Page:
We live stressful and busy lives, and when major events occur that add to that load then we can go beyond where we are just feeling miserable and down, and that may only last a short time before we return to feeling more our usual selves. Or if it continues we may start to feel overwhelmed.
Feeling down or blue can be a normal response to events such as a relationship break up, losing a job, or having someone we are close to die. When those feelings become too intense or too prevalent and persistent then this could be depression.
According to the New Zealand Mental Health Survey released in September 2006, within the mood disorders, major depressive episode is the most prevalent disorder with an overall lifetime prevalence rate of 16.0%.
How do we know when we are experiencing depression?
Some key markers are: constantly feeling down or hopeless, and also having little interest in the things you used to enjoy.
You may also notice that you are irritable or angry a lot, feeling tired and lethargic a lot of the time, and generally feeling “out of sorts”. Some people sleep too much, others find it difficult to sleep. Usually there is a feeling of being alone in feeling the way you do, that you feel disconnected from others, lonely, and sometimes feel sort of “empty” with feelings of low self esteem. Concentration might be difficult.
Weight loss or weight gain might be happening, and sex drive may be affected. Some people think about death a lot and for some suicidal feelings may be present.
Depression and anxiety are often felt at the same time. It is hard not to worry when we are feeling so low. Anxiety can be quite strong, with heart palpitations, feelings of nausea, often with pain in the chest or stomach cramps. These feelings may be fleeting or present most of the time.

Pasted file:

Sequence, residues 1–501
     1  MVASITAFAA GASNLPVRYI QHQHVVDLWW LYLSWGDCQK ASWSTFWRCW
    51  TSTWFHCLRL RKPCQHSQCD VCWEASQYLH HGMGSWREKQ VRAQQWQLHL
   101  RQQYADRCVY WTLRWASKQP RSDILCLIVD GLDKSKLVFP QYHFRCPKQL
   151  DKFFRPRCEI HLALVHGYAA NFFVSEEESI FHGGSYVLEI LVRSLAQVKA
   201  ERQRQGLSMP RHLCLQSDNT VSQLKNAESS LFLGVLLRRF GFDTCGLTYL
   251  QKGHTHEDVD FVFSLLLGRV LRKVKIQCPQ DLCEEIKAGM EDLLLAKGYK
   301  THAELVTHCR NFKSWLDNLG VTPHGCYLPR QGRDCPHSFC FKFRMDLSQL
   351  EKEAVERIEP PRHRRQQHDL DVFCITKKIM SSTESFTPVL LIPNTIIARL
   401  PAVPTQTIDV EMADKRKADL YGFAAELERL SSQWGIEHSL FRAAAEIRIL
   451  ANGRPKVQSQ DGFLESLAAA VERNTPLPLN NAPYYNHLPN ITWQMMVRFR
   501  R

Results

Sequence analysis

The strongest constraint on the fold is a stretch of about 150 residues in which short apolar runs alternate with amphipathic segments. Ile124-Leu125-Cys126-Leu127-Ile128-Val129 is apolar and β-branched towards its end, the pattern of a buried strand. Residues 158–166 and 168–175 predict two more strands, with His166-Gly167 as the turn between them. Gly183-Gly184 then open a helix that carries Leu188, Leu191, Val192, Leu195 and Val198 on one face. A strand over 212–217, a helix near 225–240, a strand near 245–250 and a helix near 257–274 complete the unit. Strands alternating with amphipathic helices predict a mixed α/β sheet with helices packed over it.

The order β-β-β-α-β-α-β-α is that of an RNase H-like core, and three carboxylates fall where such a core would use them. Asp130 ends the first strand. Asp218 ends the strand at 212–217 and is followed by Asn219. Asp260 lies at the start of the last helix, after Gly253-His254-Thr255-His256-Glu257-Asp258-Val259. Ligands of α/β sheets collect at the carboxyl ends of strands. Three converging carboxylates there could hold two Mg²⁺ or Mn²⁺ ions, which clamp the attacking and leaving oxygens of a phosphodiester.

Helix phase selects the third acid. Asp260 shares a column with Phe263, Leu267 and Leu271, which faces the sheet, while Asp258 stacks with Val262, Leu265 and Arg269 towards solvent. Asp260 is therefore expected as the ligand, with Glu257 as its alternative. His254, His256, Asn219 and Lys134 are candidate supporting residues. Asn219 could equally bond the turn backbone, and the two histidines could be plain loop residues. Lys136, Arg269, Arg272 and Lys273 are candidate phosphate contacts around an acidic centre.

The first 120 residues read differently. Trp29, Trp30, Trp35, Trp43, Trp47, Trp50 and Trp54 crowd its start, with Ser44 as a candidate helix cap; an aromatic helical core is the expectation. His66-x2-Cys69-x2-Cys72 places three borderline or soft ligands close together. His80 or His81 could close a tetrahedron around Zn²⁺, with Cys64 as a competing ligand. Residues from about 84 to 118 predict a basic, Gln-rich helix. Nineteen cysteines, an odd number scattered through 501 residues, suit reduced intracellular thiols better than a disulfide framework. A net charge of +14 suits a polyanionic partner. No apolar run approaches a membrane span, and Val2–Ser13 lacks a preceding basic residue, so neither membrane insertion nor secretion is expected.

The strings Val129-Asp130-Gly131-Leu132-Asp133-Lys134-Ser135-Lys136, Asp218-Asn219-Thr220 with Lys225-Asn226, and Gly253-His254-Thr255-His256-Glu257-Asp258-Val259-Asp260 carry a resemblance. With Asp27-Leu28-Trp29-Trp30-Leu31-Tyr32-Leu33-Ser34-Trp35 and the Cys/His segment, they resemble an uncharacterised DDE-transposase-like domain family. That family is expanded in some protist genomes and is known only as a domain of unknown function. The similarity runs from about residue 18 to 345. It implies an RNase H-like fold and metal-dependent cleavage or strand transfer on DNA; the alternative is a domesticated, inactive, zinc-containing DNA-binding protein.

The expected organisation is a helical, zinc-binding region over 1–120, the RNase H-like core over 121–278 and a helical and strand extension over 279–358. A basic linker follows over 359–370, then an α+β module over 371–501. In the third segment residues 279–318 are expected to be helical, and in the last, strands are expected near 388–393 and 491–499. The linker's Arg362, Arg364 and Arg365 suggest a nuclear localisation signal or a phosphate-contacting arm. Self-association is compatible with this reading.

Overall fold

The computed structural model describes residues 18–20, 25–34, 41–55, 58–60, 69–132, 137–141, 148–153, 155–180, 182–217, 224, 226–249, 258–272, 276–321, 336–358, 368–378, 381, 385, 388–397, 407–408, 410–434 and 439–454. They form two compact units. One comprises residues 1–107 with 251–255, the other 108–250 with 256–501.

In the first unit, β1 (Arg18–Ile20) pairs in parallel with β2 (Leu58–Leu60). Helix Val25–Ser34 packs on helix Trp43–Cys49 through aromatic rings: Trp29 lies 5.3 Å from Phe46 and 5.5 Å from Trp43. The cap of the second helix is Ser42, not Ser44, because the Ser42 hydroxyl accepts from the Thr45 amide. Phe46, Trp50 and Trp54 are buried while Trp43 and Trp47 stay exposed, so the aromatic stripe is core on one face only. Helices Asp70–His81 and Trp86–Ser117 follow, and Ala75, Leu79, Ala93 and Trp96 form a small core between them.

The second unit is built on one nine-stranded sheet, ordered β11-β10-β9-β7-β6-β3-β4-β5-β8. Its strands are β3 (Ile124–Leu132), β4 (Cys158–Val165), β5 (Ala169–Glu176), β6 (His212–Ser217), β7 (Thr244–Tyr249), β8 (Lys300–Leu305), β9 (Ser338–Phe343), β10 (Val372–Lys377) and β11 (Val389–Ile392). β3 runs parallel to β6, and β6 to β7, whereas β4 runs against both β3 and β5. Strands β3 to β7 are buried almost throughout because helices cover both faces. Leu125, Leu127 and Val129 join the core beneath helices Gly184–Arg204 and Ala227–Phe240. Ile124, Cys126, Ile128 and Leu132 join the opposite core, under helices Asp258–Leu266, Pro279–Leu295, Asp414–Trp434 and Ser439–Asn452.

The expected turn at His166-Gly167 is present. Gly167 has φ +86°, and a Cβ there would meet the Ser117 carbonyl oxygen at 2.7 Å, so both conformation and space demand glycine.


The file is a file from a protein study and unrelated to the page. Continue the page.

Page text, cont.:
Anxiety may have a distinct focus- for example anxiety about future earthquakes. Or it may be a more generalised feeling that keeps a feeling of edginess present.
Since the earthquakes here in Christchurch many people are experiencing depression and often with anxiety symptoms. Free counselling may be available to help overcome the effects of the uncertainty and impact of the earthquakes.
What works to treat depression?
It is clear that counselling or talking therapy is effective in treating depression and anxiety. Talking with a therapist or counsellor helps to understand what is going on, and to develop some strategies to enable you to cope and work towards feeling better. Sometimes medication may be required in addition to counselling or therapy and a consultation with your GP can explore this possibility. This may also be suggested by your therapist or counsellor here at Talking Therapy as it is often useful to begin therapy and then consider medication at a later stage.
You can make an appointment for an assessment with one of our experienced therapists here (either email us or telephone us on 027 722 5522), or you can be referred to Talking Therapy by your GP who may suggest counselling or therapy would be beneficial.